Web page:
eBay CEO John Donahoe
eBay CEO John Donahoe Reuters

EBay Inc (Nasdaq: EBAY) initiated a massive push against imminent federal sales tax legislation after the online marketplace’s chief executive, John Donahoe, emailed millions of eBay users who are lobbying for support.

The San Jose, Calif., company has reportedly already sent tens of millions of emails urging its active U.S. sellers to push for changes to the bill known as the Marketplace Fairness Act. The legislation would ultimately allow all states to collect sales tax from online merchants, whether they have operations in that state or not. The e-commerce giant plans to send emails from Donahoe to at least 40 million eBay users.

While the legislation, due to be voted on by the Senate in coming days, gives states the power to require retailers outside their borders to collect online sales tax, current law says that states can only require merchants with a physical presence within their borders to collect.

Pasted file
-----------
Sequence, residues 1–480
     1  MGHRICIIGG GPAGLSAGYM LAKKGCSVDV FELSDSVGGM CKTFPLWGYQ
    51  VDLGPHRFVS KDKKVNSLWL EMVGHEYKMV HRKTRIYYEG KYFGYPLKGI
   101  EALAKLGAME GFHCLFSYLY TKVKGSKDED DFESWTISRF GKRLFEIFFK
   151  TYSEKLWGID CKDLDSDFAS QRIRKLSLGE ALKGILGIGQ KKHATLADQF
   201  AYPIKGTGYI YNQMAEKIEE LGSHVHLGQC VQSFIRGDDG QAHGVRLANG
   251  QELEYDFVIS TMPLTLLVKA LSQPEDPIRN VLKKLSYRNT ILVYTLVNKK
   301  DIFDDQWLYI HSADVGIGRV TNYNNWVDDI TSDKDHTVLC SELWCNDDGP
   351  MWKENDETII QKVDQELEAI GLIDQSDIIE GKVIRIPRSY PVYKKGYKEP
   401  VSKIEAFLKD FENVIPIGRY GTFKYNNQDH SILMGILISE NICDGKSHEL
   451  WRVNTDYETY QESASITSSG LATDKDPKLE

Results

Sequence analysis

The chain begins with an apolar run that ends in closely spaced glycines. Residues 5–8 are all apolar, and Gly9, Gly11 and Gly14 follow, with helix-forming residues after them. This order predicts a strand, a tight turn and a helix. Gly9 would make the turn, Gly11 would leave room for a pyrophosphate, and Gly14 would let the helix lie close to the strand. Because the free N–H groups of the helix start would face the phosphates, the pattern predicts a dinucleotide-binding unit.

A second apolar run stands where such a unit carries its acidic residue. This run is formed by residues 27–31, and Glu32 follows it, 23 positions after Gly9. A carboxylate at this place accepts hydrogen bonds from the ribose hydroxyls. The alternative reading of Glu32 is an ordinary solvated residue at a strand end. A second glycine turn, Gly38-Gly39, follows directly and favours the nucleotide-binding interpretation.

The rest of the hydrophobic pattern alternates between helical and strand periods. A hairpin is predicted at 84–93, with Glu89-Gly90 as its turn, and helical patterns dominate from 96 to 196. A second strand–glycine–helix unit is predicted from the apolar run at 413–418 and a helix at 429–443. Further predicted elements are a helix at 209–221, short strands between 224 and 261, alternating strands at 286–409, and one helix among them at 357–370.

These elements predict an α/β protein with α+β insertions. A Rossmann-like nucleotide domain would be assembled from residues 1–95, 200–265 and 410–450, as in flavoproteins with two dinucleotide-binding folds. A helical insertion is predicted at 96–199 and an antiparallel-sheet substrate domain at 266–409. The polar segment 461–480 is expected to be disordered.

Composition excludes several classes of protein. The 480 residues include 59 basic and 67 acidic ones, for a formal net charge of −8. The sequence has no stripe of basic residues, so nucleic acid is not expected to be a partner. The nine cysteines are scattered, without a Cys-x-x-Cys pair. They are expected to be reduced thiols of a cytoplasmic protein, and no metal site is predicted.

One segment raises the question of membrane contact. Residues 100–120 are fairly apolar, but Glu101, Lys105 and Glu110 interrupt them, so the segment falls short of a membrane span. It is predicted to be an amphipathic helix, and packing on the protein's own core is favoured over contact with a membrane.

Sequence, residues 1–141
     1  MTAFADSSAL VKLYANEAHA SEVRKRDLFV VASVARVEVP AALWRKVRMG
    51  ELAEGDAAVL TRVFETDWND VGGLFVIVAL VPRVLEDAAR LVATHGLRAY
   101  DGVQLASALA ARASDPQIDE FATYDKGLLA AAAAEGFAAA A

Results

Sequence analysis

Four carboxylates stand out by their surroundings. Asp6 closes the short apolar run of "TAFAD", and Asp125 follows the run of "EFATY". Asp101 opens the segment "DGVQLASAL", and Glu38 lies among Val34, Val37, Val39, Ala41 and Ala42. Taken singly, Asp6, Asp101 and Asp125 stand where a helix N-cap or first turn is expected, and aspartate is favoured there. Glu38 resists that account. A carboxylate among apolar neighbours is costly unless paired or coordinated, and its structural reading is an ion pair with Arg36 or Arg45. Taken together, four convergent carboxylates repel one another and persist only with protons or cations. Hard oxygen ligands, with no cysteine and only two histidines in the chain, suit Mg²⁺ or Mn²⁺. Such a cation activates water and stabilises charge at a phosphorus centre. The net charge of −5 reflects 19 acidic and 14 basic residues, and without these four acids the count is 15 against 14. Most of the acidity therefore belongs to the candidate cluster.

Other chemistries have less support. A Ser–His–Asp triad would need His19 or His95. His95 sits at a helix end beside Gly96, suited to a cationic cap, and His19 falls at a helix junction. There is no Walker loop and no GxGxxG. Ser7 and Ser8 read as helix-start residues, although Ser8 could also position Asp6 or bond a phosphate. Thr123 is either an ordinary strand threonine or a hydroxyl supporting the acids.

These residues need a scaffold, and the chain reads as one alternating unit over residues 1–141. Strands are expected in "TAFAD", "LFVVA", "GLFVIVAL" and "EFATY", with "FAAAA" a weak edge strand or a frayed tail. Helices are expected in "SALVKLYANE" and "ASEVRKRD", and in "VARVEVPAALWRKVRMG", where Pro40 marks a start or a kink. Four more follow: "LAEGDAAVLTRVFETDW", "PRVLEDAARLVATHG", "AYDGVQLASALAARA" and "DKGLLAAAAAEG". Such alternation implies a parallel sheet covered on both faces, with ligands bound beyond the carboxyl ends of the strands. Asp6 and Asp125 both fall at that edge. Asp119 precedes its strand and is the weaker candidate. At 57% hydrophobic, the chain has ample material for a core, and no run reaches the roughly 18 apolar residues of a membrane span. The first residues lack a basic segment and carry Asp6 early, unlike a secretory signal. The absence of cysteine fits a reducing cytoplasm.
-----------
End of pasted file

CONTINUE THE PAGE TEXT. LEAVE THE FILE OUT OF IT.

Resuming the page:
"The legislation treats you and big multi-billion dollar online retailers -- such as Amazon -- exactly the same," Donahoe said in one of the emails.

The chief executive went on to say in the emails that only businesses with at least $10 million in annual out-of-state sales, or 50 or more employees, should qualify for the proposed sales tax, compared with the $1 million sales threshold in the bill.

Amazon.com, Inc. (Nasdaq: AMZN), the world’s largest online retailer, generates more than $10 million in sales every 90 minutes, giving the Seattle-based company more resources than a typical small merchant to collect sales tax in all states, Donahoe argued.

"EBay believes the bill would impose unfair tax burdens on small businesses, and does not include a reasonable protection for small businesses," Tod Cohen, eBay's general counsel in an emailed statement to the Wall Street Journal.

In its letters Sunday, eBay included a template for users to send to members of Congress seeking the changes.

This isn’t the first time eBay has reached out to its users in order to fight legistlation. In 2006, when Meg Whitman was CEO, she emailed users about the issue of net neutrality and the need to keep the Internet open. Whitman emailed fewer than 10 million users.